When you think of consuming sweet potatoes, the image that comes to mind is usually orange tubers baked, split open and doused in butter. In recent years, a few new uses — like sweet potato chips and fries — have found a place in the consumption picture. But what about sweet potato used as an ingredient in vegetable juices?
The potential is promising enough that Universal Leaf Tobacco Co. is building a facility to extract juices from the sweet potato. The facility, operated by ULTC’s subsidiary, Carolina Innovative Food Ingredients (CIFI), is located at the same site as ULTC’s leaf processing plant near Nashville, N.C.
Processing could begin sometime this fall.
Why vegetable juice? It is the fastest growing sector of the U.S. juice market, said John Kimber, CIFI’s chief operating officer, as consumers seek out healthier, more exciting products. “Our minimally processed, non-GMO sweet potato juice will enhance premium juice blends and other specialty products.”
In addition, there will be functional benefits including fiber, a variety of vitamins and minerals, and a low glycemic index, he said.
One substantial benefit for farmers is that the juicing process doesn’t require the big good-looking grade of sweet potato that goes into groceries and restaurants. Instead, fruits that are too small or too large or are misshapen in some way will probably work just fine.
“We are building a business with less than perfect sweet potatoes,” said Kimber. “These type of potato are sometimes hard for the farmer to market, and this can create a use.”
Fresh market strong
As planting begins, the market outlook for fresh market sweet potatoes looks very strong.
“When North Carolina growers planted 73,000 acres a year ago, I thought sure that would crash the market,” said Joel Boseman, grower-packer-shipper, Battleboro, N.C. “But this crop is moving well and I expect all of the old crop potatoes will be sold by the time the new crop begins to come in. There is just a huge demand right now, and I don’t see any problems coming up.”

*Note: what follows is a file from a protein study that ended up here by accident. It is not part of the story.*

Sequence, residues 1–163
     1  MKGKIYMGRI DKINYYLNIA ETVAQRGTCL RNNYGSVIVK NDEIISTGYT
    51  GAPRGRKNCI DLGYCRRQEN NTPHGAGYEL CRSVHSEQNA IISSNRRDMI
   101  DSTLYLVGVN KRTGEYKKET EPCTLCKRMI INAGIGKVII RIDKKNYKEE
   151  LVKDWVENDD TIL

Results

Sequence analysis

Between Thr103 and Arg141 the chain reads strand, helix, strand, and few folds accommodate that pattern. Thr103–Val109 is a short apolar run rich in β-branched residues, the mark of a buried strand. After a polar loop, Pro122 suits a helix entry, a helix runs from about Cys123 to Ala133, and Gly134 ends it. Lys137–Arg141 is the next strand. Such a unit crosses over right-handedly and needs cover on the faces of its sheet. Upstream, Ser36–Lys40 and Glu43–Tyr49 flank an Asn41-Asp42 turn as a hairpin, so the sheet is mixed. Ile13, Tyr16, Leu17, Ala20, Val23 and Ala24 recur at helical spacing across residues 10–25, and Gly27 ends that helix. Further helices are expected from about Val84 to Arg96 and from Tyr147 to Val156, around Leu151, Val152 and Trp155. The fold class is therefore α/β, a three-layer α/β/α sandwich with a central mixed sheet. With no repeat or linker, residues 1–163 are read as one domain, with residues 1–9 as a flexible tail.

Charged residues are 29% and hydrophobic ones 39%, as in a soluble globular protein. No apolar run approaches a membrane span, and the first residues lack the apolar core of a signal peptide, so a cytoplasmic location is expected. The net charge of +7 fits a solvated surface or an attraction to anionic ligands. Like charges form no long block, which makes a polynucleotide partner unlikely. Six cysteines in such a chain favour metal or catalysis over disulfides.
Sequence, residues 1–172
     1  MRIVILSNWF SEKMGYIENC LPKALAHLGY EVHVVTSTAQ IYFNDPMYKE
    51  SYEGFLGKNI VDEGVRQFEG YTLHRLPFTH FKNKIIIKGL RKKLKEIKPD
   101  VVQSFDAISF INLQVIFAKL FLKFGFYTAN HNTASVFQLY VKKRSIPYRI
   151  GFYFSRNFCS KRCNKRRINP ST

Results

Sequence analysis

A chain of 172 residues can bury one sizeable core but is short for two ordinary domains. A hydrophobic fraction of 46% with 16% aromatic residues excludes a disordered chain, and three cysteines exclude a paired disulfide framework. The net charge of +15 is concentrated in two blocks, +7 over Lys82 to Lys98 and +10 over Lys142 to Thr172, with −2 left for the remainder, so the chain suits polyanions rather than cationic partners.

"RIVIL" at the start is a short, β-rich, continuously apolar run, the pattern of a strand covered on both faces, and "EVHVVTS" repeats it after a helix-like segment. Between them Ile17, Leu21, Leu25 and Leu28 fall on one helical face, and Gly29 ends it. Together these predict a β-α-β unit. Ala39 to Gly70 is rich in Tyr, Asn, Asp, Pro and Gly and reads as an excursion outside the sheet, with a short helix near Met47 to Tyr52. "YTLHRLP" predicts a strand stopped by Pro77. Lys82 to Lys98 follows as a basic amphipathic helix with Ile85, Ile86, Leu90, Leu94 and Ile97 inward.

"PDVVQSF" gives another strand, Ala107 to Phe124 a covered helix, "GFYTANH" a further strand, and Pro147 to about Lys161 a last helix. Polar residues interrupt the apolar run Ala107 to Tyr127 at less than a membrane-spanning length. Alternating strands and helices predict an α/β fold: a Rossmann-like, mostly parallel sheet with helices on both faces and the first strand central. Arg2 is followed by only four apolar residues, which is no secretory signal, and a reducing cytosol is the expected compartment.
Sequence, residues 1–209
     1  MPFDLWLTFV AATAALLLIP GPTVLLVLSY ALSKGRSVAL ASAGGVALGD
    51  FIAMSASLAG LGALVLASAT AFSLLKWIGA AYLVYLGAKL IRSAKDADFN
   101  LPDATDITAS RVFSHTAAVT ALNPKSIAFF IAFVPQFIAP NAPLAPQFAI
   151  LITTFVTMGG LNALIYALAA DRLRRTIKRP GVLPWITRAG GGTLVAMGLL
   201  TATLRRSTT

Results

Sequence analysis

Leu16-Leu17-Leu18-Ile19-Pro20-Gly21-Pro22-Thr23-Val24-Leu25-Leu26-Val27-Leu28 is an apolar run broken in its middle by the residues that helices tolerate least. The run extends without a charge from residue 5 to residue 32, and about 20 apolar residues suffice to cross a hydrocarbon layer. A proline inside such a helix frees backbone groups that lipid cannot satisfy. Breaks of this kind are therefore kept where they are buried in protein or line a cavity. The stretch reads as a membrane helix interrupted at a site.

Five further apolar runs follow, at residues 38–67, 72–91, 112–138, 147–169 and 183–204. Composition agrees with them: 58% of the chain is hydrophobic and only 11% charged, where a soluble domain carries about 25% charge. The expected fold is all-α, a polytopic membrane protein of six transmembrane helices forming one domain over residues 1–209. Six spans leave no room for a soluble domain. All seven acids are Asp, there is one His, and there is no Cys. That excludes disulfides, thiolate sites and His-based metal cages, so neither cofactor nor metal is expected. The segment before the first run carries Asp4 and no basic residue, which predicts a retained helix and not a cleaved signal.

Fresh prices are good, about $16 per 40 pound carton.
“I can’t think of anything negative to say about the outlook for sweet potatoes right now.”
The overseas market is growing fast, Boseman said. “It absorbs everything we throw at it.”
Boseman sells sweet potatoes to Holland and Germany, among others. “They like little potatoes,” he said. “They do a lot of processing with them once they arrive.”
The appealing market situation is causing a number of tobacco farmers who have suffered cuts in their leaf contracts to increase their sweet potato plantings, said Boseman. There will be some first-time sweet potato growers in the Tar Heel state as well.
North Carolina grows by far the largest acreage of sweet potatoes, and it has been estimated that 60 percent of North Carolina’s sweet potato growers also grow tobacco. The state’s production is located almost entirely in the coastal plain.
The U.S. Department of Agriculture estimated at the end of March that North Carolina growers will plant 75,000 acres this year, a three percent increase. But Boseman said it might be substantially more.
CIFI held two grower meetings in the off-season this year. Roughly 200 growers attended, Kimber said.
The company is committed to sourcing sweet potatoes from North Carolina, but not likely from any other states.
“Because of concerns about sweet potato weevils, it will be essentially impossible for CIFI to bring in sweet potatoes from other southern states,” said Kimber. “North Carolina is weevil free in the growing areas now.” CIFI is not contracting with farmers yet. “But eventually we would like to forward contract as much as we can.”
The product sourcing manager is Josh Warren, and Kimber said Warren would be glad to hear from farmers interested in growing for the juice plant. You can call him at 252 343 1668 or email him at [email protected]
There is another end use for sweet potatoes that is on the way up now. Natural Blend Vegetable Dehydration is producing various pet food products from sweet potatoes at its plant in Farmville, N.C. Natural Blend will be managed by Ham Produce Company, Inc., which operates one of the largest farming operations of sweet potatoes in North Carolina.
“The dehydration facilities will provide a value-added process that enables the entire sweet potato crop to be sold and used,” said Sue Johnson-Langdon, executive director of the North Carolina Sweet Potato Commission.
She noted that value-added processes have improved sweet potato sales since 2001, as sweet potato chips and fries were added, along with microwaveable sweet potatoes, sweet potato vodka and beer, and even a sweet potato health drink.
She estimates that 25 percent to 30 percent of the sweet potatoes grown here are not harvested or are culled out during processing because they are too big, too small or misshapen.